Understanding Database Scalability – Horizontal and Vertical Scalability Better Together

When I wrote the blog around Understanding Database Scalability – Vertical and Horizontal, I saw few have conversations with me on if it is this or that. And these discussions could take a course all by itself. There is no one size fits all when it comes to scalability. We need to understand the fine prints and details of how the application needs are, what are the restrictions, user requirements and much more.

Understanding Database Scalability - Horizontal and Vertical Scalability Better Together scalability-vertical-horizontal-01-800x447

When designing an application, you can use a combination of partitioning options—scale-up and scale-out are not mutually exclusive. When you combine vertical and horizontal elastic scale capabilities in an application’s architecture, you can expect more complexity during the design and development stages, but you can offset that upfront investment with savings in operational costs. In addition, your application benefits from the flexibility to adapt quickly to changing demands.

Here are some possibilities and considerations, I see when it comes to working on such architectures:

  • You can designate one shard as the so-called “hot shard,” which is hosted on a server with fixed resources, then scaled up or down to accommodate changes in workload. In a content management system, for example, a hot shard can be used to maximize throughput for updates and searches during the day, when users access millions of documents. At night, the day’s data is moved to cold shards.
  • When the business need is to simplify application development and data management, you should use a scale-up approach. Even though acquiring and provisioning big, scale-up systems can add complexity, this approach works well for reactive situations when the benefit of boosting resources outweighs the cost of scaling out.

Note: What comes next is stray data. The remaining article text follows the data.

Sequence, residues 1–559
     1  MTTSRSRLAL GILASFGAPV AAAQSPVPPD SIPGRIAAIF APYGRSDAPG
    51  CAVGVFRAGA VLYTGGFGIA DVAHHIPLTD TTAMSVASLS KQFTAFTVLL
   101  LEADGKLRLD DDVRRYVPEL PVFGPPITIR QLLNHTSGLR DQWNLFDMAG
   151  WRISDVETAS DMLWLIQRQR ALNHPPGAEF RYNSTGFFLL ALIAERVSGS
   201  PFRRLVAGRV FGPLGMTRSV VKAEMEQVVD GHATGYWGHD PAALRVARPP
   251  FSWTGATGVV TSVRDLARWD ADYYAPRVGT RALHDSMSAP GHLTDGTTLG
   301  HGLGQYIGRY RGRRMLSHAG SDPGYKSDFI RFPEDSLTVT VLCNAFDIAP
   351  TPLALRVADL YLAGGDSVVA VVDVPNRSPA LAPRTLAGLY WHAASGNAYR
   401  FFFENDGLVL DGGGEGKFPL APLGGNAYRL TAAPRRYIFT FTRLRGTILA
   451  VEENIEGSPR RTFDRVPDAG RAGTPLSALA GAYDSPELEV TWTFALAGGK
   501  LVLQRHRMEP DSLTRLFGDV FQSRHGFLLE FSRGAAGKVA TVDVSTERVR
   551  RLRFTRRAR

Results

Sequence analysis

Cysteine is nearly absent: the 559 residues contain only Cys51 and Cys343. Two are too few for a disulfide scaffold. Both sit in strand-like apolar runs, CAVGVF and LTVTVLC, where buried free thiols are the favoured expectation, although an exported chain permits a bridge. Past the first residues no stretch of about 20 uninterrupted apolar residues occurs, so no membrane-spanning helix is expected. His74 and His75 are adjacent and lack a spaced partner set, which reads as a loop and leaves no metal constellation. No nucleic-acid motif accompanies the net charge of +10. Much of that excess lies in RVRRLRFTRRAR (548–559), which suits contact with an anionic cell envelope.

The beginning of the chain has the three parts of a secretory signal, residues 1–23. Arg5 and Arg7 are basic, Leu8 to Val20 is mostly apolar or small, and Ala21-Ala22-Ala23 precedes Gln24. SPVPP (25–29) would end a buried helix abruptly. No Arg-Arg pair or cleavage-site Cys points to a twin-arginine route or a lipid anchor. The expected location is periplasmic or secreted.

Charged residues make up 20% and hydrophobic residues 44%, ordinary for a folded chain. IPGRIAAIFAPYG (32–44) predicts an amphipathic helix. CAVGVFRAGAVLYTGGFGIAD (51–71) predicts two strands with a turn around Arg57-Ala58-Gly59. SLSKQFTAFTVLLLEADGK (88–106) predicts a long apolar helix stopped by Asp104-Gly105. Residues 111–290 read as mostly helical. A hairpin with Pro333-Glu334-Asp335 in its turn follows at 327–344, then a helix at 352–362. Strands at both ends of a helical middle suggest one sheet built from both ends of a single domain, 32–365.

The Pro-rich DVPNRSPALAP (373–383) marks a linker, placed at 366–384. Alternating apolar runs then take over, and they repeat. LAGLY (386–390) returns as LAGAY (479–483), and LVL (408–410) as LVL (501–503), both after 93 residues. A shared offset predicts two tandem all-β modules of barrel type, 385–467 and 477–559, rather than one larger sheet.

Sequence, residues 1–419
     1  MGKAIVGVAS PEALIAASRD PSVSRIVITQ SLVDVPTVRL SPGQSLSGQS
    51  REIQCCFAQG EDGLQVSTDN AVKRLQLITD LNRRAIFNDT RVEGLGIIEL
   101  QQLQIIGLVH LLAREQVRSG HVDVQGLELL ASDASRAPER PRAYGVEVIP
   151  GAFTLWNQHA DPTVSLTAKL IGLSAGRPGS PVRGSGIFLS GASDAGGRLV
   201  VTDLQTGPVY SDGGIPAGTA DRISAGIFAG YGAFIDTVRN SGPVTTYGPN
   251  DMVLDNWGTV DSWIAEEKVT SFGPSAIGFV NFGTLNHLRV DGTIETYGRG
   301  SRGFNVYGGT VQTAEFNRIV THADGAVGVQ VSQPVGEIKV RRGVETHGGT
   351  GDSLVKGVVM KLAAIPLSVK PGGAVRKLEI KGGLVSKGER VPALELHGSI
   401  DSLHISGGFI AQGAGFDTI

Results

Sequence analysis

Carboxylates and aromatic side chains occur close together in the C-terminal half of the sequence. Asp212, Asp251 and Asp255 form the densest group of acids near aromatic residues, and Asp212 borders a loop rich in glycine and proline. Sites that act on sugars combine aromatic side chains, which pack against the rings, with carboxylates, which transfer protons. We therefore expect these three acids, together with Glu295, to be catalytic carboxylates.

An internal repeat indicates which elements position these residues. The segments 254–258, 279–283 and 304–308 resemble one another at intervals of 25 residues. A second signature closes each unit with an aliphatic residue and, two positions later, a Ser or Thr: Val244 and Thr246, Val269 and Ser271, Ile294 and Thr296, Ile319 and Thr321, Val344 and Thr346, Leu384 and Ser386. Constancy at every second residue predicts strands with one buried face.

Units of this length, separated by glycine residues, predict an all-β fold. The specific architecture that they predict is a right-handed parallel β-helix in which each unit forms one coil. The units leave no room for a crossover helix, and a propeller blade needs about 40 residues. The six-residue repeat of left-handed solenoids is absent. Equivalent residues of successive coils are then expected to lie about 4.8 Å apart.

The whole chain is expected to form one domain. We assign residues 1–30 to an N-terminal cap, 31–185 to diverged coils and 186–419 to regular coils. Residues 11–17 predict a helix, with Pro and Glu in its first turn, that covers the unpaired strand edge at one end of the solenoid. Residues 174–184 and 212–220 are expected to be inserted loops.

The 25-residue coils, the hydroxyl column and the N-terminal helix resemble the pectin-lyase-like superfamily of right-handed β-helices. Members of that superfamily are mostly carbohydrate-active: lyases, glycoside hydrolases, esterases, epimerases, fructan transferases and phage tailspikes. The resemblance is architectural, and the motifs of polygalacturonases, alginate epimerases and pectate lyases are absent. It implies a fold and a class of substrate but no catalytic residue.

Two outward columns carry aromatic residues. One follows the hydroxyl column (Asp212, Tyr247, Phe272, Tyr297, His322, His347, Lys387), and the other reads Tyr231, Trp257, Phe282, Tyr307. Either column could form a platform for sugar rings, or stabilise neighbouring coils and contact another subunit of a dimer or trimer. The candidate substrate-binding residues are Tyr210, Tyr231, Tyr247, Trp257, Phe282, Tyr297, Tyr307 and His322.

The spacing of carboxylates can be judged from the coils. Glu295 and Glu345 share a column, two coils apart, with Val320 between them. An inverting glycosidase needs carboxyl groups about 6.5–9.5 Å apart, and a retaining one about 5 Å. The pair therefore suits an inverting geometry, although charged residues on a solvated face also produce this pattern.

• When operational cost is a factor, you should use a scale-out approach, because application development costs and effort tend to increase, whereas the costs and effort of procuring computing and storage are typically acceptable.
  • For more complex scale-out scenarios, multi-layer sharding is possible in theory but difficult to program and maintain. You can use multiple layers of horizontal sharding to partition a tenant’s data into multiple shardlets and shards, which are hosted by multiple physical database servers. For instance, in a multitenant solution, a tenant can reside in its own data store or share a data store with other tenants. A tenant can even be spread across multiple data stores if another attribute is used to partition the data.

As you can see, there are no set rules when it comes to defining Shards and scaling in databases. I have personally seen people choose different solutions and in the current age, people are exploratory when it comes to designing solutions that are out-of-box. Most importantly, they want the systems to be automated and self-healing with minimal or no human interventions. I personally feel, once we figure out the requirements, the automation piece is easier to handle.

Reference: Pinal Dave (https://blog.sqlauthority.com)

Database Scalability, SQL Server
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1 Comment. Leave new

  • Hi Pinal,
    I have a table with about 2 million distinct IDs and another table with about 7000 distinct codes plus a varchar(02) flag. I did a simple cross join to create a table with just over 14 billion records. I will update the varchar field accordingly but after that I have to pivot each ID with the 7000 codes into columns creating a giant matrix. I can’t create indexes as the tempdb runs out of space but my bigger concern is the architecture of the columns I need to pivot. What is the best way to build this? I am thinking of creating 8 tables to cover the 7300 columns and joining by the distinct ids due to sql server’s 1024 column limit per table. I hope I have provided enough detail. I have been developing a long time and never encountered this situation. Thanks.


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